Its been a while I have written anything on technology, or should I say haven’t written anything at all. Anyway, I have been looking for a way to extend menubar on my Mac as soon as I got a second monitor almost two years ago. I had been using utility-apps like DejaMenu or MenuPop to get access to menu items on the second monitor, however, not having an actual menubar on the second monitor was quite inconvenient. Just a couple of weeks ago, while searching for ways to extend menubar to the second monitor, I came across SecondBar , although it is still a beta-app, it works great. My second monitor finally looks like it’s a part of an extended display, a part of my mac desktop! Occasionally, SecondBar has problem showing all the menu items from an application but it is rectified by relaunching the app. Its certainly a great app for its purpose, and I still wonder why there aren’t any app to extend menubar with full functionality on Mac as so many of us actually extend our display with a second or even a third monitor these days. Definitely worth a try!
I have been using Parallels Desktop on my Mac for a few years now when I need to run WinXP. Recently I read about Sun’s VirtualBox and thought of giving it a try. Couple of nights ago I installed the app (its way smaller in size than the Parallels), and then Installed OpenSolaris OS on it. It runs like a charm. No problem in installation and it actualy uses a lot less resources than Parallels does. I have yet to install WinXP on VB to see if it works just as good as in Parallels but with less resource use obviously. In fact I did try to install XP but everytime I got some error in loading installation CD. I have yet to figure out the solution. Seems like lots of other people are getting the same problem though! The error I’m getting is this:
Fatal: no bootable medium found! System Halted
Well, this is not a proper review of either the Parallels Desktop or of running multiple operating systems on MacBook. Its just my experience setting up these “Guest OSes” to run on my MacBook using Parallels Desktop. The reason I opted for Parallels and not Boot Camp are two folds – ONE, I didn’t need the full power of any of the “Guest OSes” that I wanted to install by running them solo on their own partition, and TWO, and more importantly, I really wanted all the OSes to run together, without having to boot on and off to switch to one from the other. And Parallels Desktop fitted me perfectly in that respect [AND fitted my budget perfectly as well as I got it off on sale at John Lewis at half price (£24.95!) with free upgrade to the latest version!]. Anyway, here I present my experience with some screenshots!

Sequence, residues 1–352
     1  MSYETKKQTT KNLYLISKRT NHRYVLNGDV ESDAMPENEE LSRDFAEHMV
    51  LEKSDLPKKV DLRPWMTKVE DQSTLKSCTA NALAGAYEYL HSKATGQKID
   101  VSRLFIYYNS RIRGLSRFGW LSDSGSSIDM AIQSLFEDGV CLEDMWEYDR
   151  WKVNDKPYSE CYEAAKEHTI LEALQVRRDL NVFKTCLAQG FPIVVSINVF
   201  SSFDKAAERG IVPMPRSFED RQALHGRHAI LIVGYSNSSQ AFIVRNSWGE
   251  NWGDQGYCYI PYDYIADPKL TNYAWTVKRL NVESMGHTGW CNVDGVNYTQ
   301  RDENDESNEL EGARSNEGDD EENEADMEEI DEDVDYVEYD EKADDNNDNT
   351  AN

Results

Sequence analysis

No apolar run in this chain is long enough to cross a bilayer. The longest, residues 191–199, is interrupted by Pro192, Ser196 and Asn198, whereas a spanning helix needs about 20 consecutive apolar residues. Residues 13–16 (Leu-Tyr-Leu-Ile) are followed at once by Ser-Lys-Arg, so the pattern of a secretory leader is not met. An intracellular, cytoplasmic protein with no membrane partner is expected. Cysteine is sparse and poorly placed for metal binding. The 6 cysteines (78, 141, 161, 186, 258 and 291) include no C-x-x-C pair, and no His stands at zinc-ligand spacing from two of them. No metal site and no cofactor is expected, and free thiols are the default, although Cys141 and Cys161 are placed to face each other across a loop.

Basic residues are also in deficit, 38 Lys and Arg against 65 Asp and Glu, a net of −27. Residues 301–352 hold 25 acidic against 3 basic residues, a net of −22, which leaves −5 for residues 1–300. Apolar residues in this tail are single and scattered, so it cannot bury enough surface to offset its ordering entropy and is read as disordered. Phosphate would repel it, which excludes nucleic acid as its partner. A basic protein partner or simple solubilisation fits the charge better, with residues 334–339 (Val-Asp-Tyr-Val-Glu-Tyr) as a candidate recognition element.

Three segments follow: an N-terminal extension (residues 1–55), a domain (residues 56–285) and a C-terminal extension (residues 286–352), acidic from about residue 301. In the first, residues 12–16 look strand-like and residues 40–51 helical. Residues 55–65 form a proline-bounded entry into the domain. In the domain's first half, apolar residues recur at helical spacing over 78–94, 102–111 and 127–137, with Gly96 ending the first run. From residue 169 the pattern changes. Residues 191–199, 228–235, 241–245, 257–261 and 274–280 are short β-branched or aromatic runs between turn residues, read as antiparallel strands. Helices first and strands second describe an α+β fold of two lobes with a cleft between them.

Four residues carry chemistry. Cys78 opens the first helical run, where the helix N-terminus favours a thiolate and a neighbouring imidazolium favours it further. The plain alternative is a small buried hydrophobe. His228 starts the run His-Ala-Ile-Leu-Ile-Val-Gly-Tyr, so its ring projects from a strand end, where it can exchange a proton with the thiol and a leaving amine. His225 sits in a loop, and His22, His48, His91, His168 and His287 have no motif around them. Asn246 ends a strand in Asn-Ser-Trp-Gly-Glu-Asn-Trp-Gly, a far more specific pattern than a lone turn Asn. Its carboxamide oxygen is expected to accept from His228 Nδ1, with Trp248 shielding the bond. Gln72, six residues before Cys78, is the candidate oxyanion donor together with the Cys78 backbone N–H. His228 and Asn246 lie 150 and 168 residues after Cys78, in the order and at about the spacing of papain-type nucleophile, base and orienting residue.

Let me start my telling that you really need to have at least 2GB of memory on your Mac (if not more – I started with 1GB and the day after installing WinXP, upgraded to 4GB!) to run these “Guest OSes” smoothly. Anyway, as I said I started with my original MacBook whose specification was Core 2 Duo 2.2Ghz, 1GB DDR, 120GB HDD. I installed Parallels, and after a couple of emails to the support was able to get my FREE upgrade to the latest version. In the meantime, I managed to install WinXP Pro, and using this windows installation, was also able to upgrade the OS on my Nokia N800 to OS2008! So far, I was impressed with the performance of my “Guest OS”, which I had set to use 512MB of memory and installed on a virtual HDD with maximum space set at 32GB.
The next day, I installed SPSS on WinXP (reason being that I couldn’t get a mac version SPSS from the computing service at my uni coz they hadn’t received the latest version for mac). I started my data entry on SPSS on XP running on Mac, and started to notice the system getting slower and slower. At the end I was not able to run multiple programs at all when XP was running. Thats when I decided to get memory upgraded – I found relatively good deal at Crucial-UK and got their “4GB Kit for MacBook for under £70! It arrived the next day, and I immediately opened up my 1-week old MacBook (after making sure it wouldn’t void my Apple warranty of course!), removed both the original 512MB pieces and installed two 2GB DDRs in their place. I had no problem booting up my mac after this upgrade, and not surprisingly, Parallels started to run lot smoother immediately.
My MacBook specs with 4GB DDR